If you are currently in the process of studying a degree in psychology, you might be wondering what jobs are out there for you – potentially outside the traditional role of a psychologist. This degree does come with a wide variety of employment options; for example, many use their degree to assist marketing strategies. After all, who is going to understand the psychology of a particular audience better than, well, a psychologist? With this in mind, here I how the industry is changing.
It has been found that fewer and fewer people are entering traditional, academic roles following a degree in psychology. Instead, people are making use of applied psychology – using their education to benefit businesses and specific departments. In fact, many academics are having to adjust to the idea that their students are unlikely to follow in their footsteps.
A careful dialogue and new technology
As we begin to understand more about eating disorders, the more that we know a careful dialogue is warranted. Challenging unhelpful issues surrounding food and anorexic meals should be paired with awareness about triggering words and subjects. This condition is known for having a high mortality rate, and yet there is not enough public discussion or awareness about dialogue – which is something psychologists have to uphold.
However, it’s not all bad news. The technology surrounding this condition is improving, and it is seeing some striking developments in how to change eating behavior. Companies such as C2Care are using the virtual reality of healthy eating to help conditions such as anorexia, Dysmorphophobia, and bulimia. A VR Diet is perhaps not something that would have been in the public discourse 10 years ago, but it is already making its mark.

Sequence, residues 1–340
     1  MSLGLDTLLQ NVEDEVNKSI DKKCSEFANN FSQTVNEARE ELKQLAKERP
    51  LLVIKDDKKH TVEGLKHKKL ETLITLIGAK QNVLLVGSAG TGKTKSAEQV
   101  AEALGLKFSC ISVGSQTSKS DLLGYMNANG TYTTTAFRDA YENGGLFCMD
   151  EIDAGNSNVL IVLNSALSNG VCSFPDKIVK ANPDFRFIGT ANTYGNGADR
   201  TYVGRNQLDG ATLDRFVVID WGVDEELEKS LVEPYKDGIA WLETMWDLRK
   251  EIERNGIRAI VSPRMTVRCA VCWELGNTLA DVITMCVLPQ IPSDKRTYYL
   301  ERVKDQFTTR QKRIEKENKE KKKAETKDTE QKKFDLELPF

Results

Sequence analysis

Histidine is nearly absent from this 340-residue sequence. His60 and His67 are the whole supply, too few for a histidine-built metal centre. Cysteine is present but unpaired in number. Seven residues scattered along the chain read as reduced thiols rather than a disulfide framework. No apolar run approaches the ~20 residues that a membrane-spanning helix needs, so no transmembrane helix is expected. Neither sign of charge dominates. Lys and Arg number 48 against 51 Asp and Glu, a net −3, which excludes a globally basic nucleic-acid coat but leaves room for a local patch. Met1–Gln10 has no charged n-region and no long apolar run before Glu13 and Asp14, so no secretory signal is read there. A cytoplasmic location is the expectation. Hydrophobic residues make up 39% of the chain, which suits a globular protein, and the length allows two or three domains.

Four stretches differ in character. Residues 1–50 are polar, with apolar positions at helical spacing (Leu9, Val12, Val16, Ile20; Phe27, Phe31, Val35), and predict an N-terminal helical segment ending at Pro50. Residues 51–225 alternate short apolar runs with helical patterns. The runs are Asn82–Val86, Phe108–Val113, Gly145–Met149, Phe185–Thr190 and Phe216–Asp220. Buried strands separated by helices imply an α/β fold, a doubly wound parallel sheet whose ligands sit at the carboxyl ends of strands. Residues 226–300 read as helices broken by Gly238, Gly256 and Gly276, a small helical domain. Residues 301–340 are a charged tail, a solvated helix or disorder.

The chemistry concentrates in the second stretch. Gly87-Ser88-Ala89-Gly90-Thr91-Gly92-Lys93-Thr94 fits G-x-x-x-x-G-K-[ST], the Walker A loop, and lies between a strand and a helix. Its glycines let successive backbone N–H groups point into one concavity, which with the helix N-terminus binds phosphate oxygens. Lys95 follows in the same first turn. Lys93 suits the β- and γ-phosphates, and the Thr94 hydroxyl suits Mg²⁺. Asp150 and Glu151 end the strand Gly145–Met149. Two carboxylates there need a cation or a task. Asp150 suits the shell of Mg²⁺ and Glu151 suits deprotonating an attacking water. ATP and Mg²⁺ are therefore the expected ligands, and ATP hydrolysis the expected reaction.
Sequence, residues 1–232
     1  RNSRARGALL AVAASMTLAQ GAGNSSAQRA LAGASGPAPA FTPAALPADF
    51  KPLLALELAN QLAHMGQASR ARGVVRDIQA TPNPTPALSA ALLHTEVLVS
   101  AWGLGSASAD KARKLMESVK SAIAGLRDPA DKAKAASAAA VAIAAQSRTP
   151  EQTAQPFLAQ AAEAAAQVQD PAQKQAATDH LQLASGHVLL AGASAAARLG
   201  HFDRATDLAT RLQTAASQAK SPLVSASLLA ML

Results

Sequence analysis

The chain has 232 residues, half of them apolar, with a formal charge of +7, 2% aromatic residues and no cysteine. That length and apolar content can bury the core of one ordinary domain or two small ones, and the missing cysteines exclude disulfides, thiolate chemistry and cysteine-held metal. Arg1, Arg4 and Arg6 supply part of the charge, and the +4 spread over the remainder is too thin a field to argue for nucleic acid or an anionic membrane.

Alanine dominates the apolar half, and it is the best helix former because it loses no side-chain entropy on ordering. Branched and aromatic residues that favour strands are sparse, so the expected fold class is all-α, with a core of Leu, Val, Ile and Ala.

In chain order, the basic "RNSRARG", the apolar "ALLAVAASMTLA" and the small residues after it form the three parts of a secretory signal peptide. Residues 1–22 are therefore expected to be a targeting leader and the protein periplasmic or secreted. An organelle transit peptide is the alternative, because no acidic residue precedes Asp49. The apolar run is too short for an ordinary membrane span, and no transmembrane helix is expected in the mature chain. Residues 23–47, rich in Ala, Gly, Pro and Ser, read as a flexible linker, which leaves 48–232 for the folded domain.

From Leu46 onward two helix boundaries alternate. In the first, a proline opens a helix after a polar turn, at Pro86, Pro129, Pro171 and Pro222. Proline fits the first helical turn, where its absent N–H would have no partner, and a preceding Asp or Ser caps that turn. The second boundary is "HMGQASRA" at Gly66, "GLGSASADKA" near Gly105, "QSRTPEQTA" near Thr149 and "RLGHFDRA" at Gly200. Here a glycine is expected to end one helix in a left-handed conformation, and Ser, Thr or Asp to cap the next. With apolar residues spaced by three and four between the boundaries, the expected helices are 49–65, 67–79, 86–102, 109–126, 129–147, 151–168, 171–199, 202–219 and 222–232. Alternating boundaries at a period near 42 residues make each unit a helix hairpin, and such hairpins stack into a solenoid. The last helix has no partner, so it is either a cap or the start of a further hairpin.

It has been agreed by psychologists and psychiatrists that there needs to be more of a focus on collaboration. This means that if you are considering making a move to the world of psychology, you will likely see more of an emphasis on communication with other practitioners. Not only is this great for patients who could be moved to a psychologist that is right for them, but also for practitioners who need referrals.
As we progress through the years, psychology’s approach to eating disorders, mental illnesses, and what was previously termed as a mental illness has adapted with the times. Those who are struggling with anorexic tendencies will notice the language is changing, and those who are part of the LGBT+ and BAME communities will notice that practitioners are far more inclusive and respectful. Two instances from this history of psychology timeline will show just how far we’ve come in terms of inclusivity:
- 1840: psychology becomes a science that is deemed separate to psychiatry.
- 1907: a major paper is published on dementia.
- It was only in 2013 that ‘gender dysphoria’ replaced the term ‘gender identity disorder’ according to the APA – a surprisingly late but necessary advancement.
Psychology and its progress through the decades has certainly not been a straightforward improvement. While some conditions have been heavily investigated, others have fallen to the side. However, modern technology has helped us to gain a much more developed understanding of how it can be used today.